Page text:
Earlier this month, former Arkansas circuit judge Michael Maggio pleaded guilty for accepting a bribe “in the form of a campaign contribution” when, days after taking money from nursing-home owner Michael Morton, he “reduced a jury-awarded $5.2 million judgment against one of Morton's nursing homes to $1 million.” He now faces up to 10 years in prison and a $250,000 fine.
Writes the blog for the Arkansas Times:
When the relentless Blue Hog Report reported that Maggio slashed the judgment that Morton would have to pay the family by $4.2 million on the same day he got a bundle of PAC checks originating from Morton, and after the FBI found incriminating texts and emails suggesting a quid pro quo, the judge had to give up his alibi that it was all coincidence.
That, of course, is not the end of the story even when it comes to possible judicial bribes in Arkansas. For example, “From 2010 to 2014 Morton gave $145,000 to six Supreme Court candidates, five of whom now sit on the court.” Observes the AK Blog,
Judge Mike Maggio gave Faulkner County, the judiciary and the nursing home industry a bad name by taking bribes to knock 81 percent off a jury award to the family of a woman who died of neglect in a Conway nursing home, but let’s be fair. Maggio did not start this stinking business of buying public policy and judicial decisions. Sadly, he won’t end it either.
And neither might the U.S. Supreme Court. If you were paying attention to arguments yesterday, you may have heard about this one: Williams-Yulee v. the Florida Bar, “a challenge to a Florida rule barring judicial candidates from personally requesting campaign contributions.” Writes Slate in a story called, "Judicial Indignity; The Supreme Court ponders judges’ freedom to panhandle,"
Lanell Williams-Yulee, a former candidate for county court judge in Hillsborough County, launched her campaign with a personalized mass-mail fundraising letter that asked for “an early contribution” to help her “raise the initial funds.” She promptly got charged with professional misconduct by the Florida Bar. The Florida Supreme Court upheld Williams-Yulee’s sanction. Now she’s appealing it to the Supreme Court, under the theory that the First Amendment protects her right to ask voters for campaign cash.…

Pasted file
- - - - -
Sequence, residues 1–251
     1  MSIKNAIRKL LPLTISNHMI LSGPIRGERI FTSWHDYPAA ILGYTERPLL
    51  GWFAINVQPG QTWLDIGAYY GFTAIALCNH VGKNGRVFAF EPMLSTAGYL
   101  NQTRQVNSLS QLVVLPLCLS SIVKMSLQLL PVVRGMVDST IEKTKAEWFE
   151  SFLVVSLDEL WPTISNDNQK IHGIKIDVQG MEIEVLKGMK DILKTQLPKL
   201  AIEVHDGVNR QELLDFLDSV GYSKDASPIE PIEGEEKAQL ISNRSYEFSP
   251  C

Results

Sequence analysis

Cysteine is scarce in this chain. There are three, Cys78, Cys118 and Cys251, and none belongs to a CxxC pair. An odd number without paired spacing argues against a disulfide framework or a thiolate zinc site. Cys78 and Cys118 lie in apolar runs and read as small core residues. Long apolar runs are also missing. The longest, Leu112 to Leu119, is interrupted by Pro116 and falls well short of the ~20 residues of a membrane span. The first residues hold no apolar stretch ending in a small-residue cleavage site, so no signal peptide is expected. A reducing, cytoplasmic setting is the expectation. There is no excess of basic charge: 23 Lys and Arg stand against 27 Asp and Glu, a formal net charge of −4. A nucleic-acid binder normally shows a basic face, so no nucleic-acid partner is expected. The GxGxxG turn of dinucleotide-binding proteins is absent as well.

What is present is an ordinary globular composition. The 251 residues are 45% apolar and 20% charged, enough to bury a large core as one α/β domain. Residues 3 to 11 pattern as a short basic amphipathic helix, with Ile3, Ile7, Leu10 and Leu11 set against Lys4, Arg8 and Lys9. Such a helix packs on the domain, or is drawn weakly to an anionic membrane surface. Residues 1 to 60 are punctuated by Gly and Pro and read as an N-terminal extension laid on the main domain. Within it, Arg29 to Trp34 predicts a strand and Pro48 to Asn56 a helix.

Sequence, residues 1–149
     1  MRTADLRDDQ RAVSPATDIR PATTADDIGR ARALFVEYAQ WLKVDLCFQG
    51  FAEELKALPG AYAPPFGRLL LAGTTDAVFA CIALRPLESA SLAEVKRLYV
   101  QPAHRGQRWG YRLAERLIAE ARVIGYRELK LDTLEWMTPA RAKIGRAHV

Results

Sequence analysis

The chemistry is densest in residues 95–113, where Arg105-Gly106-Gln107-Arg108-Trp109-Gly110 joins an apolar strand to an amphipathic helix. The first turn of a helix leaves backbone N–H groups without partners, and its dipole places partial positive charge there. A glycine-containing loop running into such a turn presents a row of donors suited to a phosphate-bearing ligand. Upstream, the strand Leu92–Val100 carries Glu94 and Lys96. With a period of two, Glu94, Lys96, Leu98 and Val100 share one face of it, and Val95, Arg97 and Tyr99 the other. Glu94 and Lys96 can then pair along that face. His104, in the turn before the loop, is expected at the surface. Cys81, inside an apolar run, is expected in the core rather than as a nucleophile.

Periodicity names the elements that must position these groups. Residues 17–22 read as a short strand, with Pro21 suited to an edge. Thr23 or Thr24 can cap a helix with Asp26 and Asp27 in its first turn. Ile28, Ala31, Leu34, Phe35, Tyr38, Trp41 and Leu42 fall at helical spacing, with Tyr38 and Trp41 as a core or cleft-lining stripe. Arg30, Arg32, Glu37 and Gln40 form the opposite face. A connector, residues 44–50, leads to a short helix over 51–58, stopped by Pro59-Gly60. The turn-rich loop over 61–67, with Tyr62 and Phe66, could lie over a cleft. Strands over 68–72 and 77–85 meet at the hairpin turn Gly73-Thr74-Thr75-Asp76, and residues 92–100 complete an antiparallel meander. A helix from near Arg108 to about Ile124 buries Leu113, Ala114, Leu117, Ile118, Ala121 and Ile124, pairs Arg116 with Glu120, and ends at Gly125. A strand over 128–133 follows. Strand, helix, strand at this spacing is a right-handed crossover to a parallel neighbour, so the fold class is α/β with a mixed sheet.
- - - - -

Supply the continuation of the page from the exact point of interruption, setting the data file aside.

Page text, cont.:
Everybody knows Williams-Yulee will probably win this case, and the five conservatives will claim another victory in their crusade against campaign finance regulations. But as the transcripts show, there is still plenty of drama: If the court’s four liberals are already resigned to their sure-to-be scathing dissent, they aren’t going down without a fight.
At least there’s that. It also means that we'll have more stories like this one to look forward to:
The parent company of Philip Morris USA contributed a total of $500,000 on Oct. 6 and 8 to a Republican Party group, a few weeks after the Illinois Supreme Court agreed to hear the tobacco company's appeal of a $10.1 billion verdict. About two weeks later, the Republican State Leadership Committee put $950,000 into independent campaign ads supporting the retention of Lloyd Karmeier, a Republican Illinois Supreme Court justice.
Previously, the only known contributions from the parent company, Altria Group, to the RSLC were made in 2013, totaling about $225,000.
Brian Mays, a spokesman for Richmond, Va.-based Altria, denied any impropriety.
After winning his 2004 election, Karmeier' “cast the crucial fourth deciding vote to overturn a $1.05 billion verdict against State Farm Insurance and the $10.1 billion verdict against Philip Morris. The tobacco verdict was reinstated by an Illinois appellate court last year after new evidence came to light. The Illinois Supreme Court has taken up the case again.
Critics of judicial elections as well as plaintiff's lawyers in both cases have alleged that both firms contributed heavily and played big roles in electing Karmeier to the bench. Lawyers for the plaintiffs in the State Farm case are pursuing a separate case in federal court alleging that State Farm's involvement in his campaign amounted to a “racketeering enterprise” that conspired to funnel more than $4 million to elect Karmeier in 2004.…
While State Farm executives directly contributed minor amounts to the Karmeier campaign or the Illinois Civil Justice League, a tort reform group that was Karmeier's second-largest contributor, the allegation in the federal case is that the insurer poured millions into the U.S. Chamber of Commerce and other business groups that in turn contributed millions to the Karmeier campaign or ICJL's political action committee, Justpac.
However, a federal magistrate in Springfield ruled last month that the plaintiffs in that federal case “are not able to connect the dots on the money trail from State Farm to the Karmeier campaign,” denying a motion to waive the attorney-client privilege and force State Farm to disclose communications with its attorneys.
Similarly, there's no way to directly link the $500,0000 Altria contributed to RSLC's pro-Karmeier's ads, except for the timing. In the month after spending $950,000 on the pro-Karmeier ads, RSLC spent more than $3 million on other races around the country.
Hhmm. As Michael Maggio might say, timing (as well as incriminating texts and emails) is everything. Wait til that next “Judicial Hellhole” report comes out!